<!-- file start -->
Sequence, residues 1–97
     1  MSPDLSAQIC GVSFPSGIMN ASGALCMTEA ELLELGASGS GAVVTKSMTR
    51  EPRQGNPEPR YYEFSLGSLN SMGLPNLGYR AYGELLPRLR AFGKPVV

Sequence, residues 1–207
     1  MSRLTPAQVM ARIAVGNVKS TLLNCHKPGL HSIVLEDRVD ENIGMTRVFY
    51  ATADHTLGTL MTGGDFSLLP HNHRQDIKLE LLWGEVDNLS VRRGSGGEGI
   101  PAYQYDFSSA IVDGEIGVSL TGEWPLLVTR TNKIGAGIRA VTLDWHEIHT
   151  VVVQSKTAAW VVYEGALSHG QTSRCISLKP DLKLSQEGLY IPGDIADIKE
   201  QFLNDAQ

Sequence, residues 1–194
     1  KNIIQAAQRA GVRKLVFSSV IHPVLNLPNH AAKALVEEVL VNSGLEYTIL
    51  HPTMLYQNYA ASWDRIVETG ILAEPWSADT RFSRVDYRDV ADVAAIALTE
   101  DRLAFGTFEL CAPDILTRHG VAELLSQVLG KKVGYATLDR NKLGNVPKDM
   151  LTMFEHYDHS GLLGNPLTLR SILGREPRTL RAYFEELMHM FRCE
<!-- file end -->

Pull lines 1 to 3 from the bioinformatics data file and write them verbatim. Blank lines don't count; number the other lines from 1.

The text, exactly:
Sequence, residues 1–97
     1  MSPDLSAQIC GVSFPSGIMN ASGALCMTEA ELLELGASGS GAVVTKSMTR
    51  EPRQGNPEPR YYEFSLGSLN SMGLPNLGYR AYGELLPRLR AFGKPVV